Amy’s nesting fabric bowls
Today we’ve got a tutorial from Amy at Amy’s Crafty Shenanigans for those gorgeous fabric bowls featured on our homepage. Amy made these in Alchemy and Essex Linen using Nova’s Nesting Fabric Bowls pattern and they are so incredibly pretty and useful – I am going to have a hard time giving them back! Read on to hear about the project and how to make some for yourself. These also make a GREAT Christmas present. Hint. Hint.
The minute I saw the Nesting Fabric Bowls on the blog www.acuppaandacatchup.com, I wanted to make a set for myself. I have been waiting for the perfect fabric to make them out of and when Alchemy came in to Annie’s shop, I knew that was the fabric for my set of bowls. I put these prints together with some Essex Linen in Steel and in Natural.
Because Nova’s pattern is so very thorough, easy to follow and already has amazing pictures and diagrams, I will just share some of the things I did to help myself make a set of four bowls all at once!
My first task was to plan which fabric to use for which bowl! For this I made a few small sketches trying to visualize the end result. This sketch shows my final plan. I used my favourite of the four prints for the panel in the largest bowl.
I then made “crib notes” or “cheat sheets” for each bowl, listing everything I needed to make it including a sketch of the parts of the outer bowl and the dimensions of all the pieces that I needed to cut. This was so I didn’t have to refer back to the pattern during the cutting stage. All my instructions could be in one place – one sheet per bowl. Nova’s pattern has charts with measurements for the different sized bowls and another chart lists the dimensions to cut for bowls with feature panels. You do need to refer to the first chart for the dimensions for all the parts and components of the bowl. This is why I combined all of the measurements I needed onto one sheet per bowl! My sheets are NOT pretty but they are very useful! It also meant that I could check things off as I cut them so I didn’t lose track of where I was in the cutting process! Once all the cutting was done I referred back to the pattern for the rest of the instructions.
Once I had cut all the fabric for one bowl, I would set it all on the “cheat sheet” and move on to the next bowl and cut those pieces until all my materials for each bowl were cut and placed on their “cheat sheet”, ready to sew!
Having all the materials for each bowl cut and in piles made it very easy to go to the next step of chain piecing the feature panel fabrics to the steel coloured linen. I went from bowl to bowl, each time replacing the correct sized bowl parts onto the correct “cheat sheet”! Then the interfacing and fusible fleece were ironed on which was also done in an assembly-line fashion! This process was by far the most time consuming part of making four bowls!
Once all four of my bowl outers were sewn and interfacing and fusible fleece added, I did some hand stitching with two different colours of DMC floss, one colour on either side of the Alchemy fabric/feature panel. Machine stitching is perfectly fine too and gives a different look but for these bowls in this particular fabric, I wanted something fluid and organic (i.e. not perfectly straight!!) because the pattern on the fabric is so natural. Mixing hand stitching and machine quilting is very effective too. Have fun with it!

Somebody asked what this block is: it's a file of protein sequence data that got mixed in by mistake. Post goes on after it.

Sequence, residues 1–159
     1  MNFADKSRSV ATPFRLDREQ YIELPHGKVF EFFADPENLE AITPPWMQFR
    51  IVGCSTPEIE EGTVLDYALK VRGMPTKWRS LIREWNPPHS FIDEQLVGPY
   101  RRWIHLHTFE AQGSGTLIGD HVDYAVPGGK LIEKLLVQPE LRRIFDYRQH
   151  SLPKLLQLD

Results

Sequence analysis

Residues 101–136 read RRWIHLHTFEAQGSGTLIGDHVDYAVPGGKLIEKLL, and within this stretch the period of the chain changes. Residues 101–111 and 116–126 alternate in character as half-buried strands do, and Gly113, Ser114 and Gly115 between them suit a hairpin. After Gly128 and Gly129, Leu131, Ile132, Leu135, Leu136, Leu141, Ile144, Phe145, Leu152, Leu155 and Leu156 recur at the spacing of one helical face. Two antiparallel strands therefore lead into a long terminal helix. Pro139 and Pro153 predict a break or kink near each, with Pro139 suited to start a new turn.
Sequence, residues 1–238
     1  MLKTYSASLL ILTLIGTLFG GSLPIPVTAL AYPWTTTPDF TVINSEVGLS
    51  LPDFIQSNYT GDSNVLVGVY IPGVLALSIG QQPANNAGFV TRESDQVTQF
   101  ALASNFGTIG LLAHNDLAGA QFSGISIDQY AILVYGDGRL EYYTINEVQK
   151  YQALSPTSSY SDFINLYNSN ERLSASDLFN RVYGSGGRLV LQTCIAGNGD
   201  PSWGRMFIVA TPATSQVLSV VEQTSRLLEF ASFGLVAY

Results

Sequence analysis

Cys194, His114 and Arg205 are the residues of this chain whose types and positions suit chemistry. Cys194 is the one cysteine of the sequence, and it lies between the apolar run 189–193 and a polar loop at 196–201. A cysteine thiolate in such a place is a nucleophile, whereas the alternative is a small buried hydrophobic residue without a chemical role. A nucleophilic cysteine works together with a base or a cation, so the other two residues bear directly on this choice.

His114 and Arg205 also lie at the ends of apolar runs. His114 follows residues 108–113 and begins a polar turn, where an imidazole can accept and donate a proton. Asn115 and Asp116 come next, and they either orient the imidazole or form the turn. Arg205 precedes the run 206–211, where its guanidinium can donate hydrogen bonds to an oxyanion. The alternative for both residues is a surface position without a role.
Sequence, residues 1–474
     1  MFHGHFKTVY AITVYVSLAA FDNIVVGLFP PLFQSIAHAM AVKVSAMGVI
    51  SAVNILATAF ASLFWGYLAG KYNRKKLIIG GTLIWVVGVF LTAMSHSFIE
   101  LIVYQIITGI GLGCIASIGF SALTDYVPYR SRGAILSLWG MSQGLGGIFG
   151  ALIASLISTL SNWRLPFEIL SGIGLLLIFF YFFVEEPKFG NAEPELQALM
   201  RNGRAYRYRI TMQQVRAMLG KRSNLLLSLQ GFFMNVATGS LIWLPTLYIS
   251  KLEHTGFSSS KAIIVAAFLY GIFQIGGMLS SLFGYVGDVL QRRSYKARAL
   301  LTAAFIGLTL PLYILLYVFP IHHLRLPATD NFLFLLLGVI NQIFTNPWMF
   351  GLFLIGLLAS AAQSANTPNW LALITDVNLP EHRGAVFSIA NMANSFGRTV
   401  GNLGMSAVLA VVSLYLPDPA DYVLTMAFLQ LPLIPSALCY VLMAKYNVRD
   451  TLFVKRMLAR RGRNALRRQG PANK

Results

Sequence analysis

Constructing the bowls was very easy as the pattern has wonderfully clear pictures and written instructions. The pattern also provides measurements for the placement of the opening on the lining (for turning through), the length of the opening plus a diagram and chart with measurements for all bowl sizes for sewing and trimming the gusset. Pay attention to the 1/8” gusset seam allowance as the smaller seam allowance (once trimmed) creates a tidier inside of bowl where the lining and bowl interiors meet.
When you are ready to pair the outer section with the lining and sew together, I highly recommend pinning like crazy so that nothing shifts when you sew them together. It may look like overkill but it makes sewing them together quite smooth.
My top tip when sewing these together would be to use a darker thread than the fusible fleece. This means you can see it if you must rip out for any reason and it also shows you where you have sewn so you can stay on a nice straight line (unlike me)!
To help reduce bulk at the seams, sewing them open helps a little bit. Iron them flat.
I found it much easier to sew my final top stitch on the top edge of the bowls when I took the tray/extension table off of my machine and just had the sewing arm. This makes it easier to sew the smaller circular bowls.
Nova’s pattern has brilliant step-by-step images and diagrams throughout and they are especially helpful when finishing the bowls. I totally recommend printing the entire pattern so you can see her clear and concise images!
You now have a set of Nesting Fabric Bowls!
A quick note on fabric selection:
One of the fabrics used for the feature panels had a large pattern – wider than the three inches that would be used. I wanted to cut it to show as much of the pattern in the best way. Using spare fabric, I mocked up what a 3” wide panel of the fabric would look like in a few different directions and chose the one I thought showed the pattern on the fabrics best. This did mean that the fabric would be cut on an angle but once the interfacing was ironed on, there was no stretching when I sewed it. The pattern has directions when directional fabrics are used.